The food poverty line, as calculated by Stats SA, is R585 per person per month and it is clear that the grant of R440 is set below the food poverty line.
There is no hope for poor children without nutritious food, according to the Pietermaritzburg Economic Justice and Dignity Group’s survey of the Household Food Basket in the Household Affordability Index.
It shows that the average cost of a basic nutritious diet for a child increased by R15,01 from R695,74 per month in September to R710,75 in February.
The group says as children grow older, their nutritional requirements increase. This means that the cost of feeding a child increases in price as the child grows older. It is also different for teenage girls and boys.
However, the child support grant is a fixed amount: it does not account for age. The grant is currently R440 per child per month.
The food poverty line, as calculated by Statistics South Africa, is R585 per person per month and it is clear that the grant of R440 is set below the food poverty line and further below the average cost of R710,75 to secure a basic nutritious diet for a child in February 2021.
“Households living on low incomes change their buying patterns in response to changes in affordability. Women on low income buy the core staple foods first to ensure that their families do not go hungry.
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“If they do not have enough money, they have to drop foods from their baskets or reduce the volume of nutrition-rich foods they buy. This has negative consequences for health, well-being and nutrition.”
As financial and economic circumstances worsen the gap between what women can buy and what they need to buy for proper nutrition widens.
The group says the intentional underspend on the child support grant is quite shocking. “For months research institutions, including ourselves, have been tracking the impact of the pandemic and deteriorating economy on child hunger and nutrition.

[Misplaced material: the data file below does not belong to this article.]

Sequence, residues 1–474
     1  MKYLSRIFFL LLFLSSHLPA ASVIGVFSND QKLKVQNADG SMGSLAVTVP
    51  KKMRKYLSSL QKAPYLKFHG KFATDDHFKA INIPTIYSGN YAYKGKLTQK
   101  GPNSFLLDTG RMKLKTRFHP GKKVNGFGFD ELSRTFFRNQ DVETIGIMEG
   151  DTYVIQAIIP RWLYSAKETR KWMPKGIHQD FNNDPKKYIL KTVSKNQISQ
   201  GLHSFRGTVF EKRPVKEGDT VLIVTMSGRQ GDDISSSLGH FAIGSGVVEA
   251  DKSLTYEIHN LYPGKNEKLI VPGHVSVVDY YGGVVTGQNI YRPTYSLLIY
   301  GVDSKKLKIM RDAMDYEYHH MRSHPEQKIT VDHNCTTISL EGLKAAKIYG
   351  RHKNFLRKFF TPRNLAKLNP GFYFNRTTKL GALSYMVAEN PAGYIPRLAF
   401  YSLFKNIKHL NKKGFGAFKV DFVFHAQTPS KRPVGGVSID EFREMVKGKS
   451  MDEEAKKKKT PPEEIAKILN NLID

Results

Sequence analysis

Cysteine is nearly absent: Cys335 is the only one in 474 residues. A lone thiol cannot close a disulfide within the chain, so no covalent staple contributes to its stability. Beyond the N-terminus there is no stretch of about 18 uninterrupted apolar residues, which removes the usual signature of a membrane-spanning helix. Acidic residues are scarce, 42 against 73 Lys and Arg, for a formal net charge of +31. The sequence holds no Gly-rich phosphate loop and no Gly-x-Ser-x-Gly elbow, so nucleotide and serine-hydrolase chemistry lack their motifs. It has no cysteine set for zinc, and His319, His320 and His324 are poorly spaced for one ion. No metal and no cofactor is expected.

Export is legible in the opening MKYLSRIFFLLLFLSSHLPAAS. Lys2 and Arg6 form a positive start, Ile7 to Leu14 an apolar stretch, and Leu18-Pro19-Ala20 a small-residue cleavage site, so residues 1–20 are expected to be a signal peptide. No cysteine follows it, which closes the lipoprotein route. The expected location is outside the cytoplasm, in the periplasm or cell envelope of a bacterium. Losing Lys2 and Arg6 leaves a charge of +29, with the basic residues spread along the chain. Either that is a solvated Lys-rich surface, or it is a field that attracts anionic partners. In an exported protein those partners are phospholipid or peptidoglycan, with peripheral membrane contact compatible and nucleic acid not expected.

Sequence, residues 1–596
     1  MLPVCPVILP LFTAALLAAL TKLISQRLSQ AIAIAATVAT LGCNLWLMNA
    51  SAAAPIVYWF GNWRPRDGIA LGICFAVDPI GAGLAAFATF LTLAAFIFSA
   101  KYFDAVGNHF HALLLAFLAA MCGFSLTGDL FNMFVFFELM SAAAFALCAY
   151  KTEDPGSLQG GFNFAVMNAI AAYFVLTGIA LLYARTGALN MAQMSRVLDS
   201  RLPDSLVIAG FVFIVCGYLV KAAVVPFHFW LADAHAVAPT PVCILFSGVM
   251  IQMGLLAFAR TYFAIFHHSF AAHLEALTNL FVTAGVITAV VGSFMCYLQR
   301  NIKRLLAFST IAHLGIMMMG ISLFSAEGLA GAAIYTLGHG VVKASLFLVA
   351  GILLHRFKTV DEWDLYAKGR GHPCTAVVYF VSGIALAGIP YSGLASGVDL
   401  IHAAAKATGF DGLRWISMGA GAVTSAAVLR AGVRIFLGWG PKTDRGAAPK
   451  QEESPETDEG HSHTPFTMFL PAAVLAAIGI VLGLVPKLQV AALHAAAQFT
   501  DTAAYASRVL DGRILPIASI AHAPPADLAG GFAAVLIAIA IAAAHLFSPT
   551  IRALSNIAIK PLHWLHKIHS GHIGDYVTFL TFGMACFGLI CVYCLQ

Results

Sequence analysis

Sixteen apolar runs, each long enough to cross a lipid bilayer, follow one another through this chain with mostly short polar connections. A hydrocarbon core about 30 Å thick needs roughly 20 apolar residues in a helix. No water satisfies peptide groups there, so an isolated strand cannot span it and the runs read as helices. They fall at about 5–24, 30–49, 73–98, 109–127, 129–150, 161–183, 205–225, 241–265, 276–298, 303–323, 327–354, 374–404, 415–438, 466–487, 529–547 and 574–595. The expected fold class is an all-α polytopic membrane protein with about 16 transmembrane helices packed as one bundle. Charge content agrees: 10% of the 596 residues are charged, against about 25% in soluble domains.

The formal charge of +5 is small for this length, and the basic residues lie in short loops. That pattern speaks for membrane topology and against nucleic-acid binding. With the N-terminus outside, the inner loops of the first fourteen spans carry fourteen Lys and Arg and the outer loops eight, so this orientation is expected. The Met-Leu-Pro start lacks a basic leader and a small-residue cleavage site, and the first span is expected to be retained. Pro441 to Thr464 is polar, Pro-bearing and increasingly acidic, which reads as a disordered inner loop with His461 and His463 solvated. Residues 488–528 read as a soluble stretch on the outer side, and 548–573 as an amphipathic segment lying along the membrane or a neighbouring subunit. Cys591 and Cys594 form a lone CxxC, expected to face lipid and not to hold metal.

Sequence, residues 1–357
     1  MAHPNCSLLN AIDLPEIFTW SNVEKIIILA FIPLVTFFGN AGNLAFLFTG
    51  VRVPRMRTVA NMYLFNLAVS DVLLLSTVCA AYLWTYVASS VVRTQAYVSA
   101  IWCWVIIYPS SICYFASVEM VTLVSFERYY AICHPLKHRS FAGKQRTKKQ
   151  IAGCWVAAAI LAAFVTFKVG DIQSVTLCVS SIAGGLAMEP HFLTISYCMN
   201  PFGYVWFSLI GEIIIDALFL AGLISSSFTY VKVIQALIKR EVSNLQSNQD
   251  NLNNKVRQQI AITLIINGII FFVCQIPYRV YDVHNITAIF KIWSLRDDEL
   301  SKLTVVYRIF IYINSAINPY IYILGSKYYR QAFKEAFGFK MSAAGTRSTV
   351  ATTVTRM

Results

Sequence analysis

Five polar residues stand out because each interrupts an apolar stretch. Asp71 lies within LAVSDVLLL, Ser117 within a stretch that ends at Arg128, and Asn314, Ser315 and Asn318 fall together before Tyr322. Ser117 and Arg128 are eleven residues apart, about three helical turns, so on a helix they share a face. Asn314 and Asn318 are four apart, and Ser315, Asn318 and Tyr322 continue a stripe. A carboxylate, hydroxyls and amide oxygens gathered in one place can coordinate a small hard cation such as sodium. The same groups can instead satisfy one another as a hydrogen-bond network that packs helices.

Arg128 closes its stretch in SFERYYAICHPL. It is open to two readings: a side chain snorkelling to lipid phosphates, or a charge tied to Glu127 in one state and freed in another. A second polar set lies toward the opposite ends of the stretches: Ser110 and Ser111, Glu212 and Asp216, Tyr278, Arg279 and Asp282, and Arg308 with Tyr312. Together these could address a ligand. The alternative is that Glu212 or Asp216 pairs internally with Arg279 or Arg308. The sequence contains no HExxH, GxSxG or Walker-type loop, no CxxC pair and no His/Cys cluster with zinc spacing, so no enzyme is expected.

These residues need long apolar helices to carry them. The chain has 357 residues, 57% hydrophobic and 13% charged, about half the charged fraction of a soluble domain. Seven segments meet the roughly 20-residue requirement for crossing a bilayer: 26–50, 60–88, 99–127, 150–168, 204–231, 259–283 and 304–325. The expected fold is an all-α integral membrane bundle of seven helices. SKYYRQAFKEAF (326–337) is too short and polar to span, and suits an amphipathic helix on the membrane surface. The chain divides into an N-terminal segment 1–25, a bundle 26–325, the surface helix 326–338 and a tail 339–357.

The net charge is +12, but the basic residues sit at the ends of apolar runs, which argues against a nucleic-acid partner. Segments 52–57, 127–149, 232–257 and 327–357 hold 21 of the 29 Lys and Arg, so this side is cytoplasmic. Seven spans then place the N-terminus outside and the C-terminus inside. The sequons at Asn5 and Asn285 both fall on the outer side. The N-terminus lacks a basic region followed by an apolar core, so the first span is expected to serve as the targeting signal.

“The evidence is stark that children are suffering from hunger and under-nutrition, especially as this comes on top of the historical stunting levels where the growth of approximately 30% boy children and 25% girl children under the age of five years is stunted.”
Not ensuring that mothers are able to feed their children properly is a direct form of everyday violence against women and children. The group says this is not acceptable.
“Under-spending on children has long-term consequences for our education, health, social and economic outcomes. For some reason, government does not want to understand this and fails to see that under-spending on children’s care and nutrition means that investment in education cannot be fully absorbed, as hungry children struggle to learn.”
The group also emphasised that the cost of public health care will explode because malnourished children cannot resist illnesses. They get sick more often, more severely and for longer.
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“Government is not seeing the big picture that hungry children progress slowly and if they do survive to be adults in the workplace that our future labour force will struggle to be critical thinkers who are productive and skilled.
“Not ensuring that mothers can feed their children properly means that South Africa’s next generation of adults and workers will follow their parents into the inter-generational poverty trap that will handicap South Africa’s future economic growth. These are direct consequences of the policy decisions that government is taking,” the group says.
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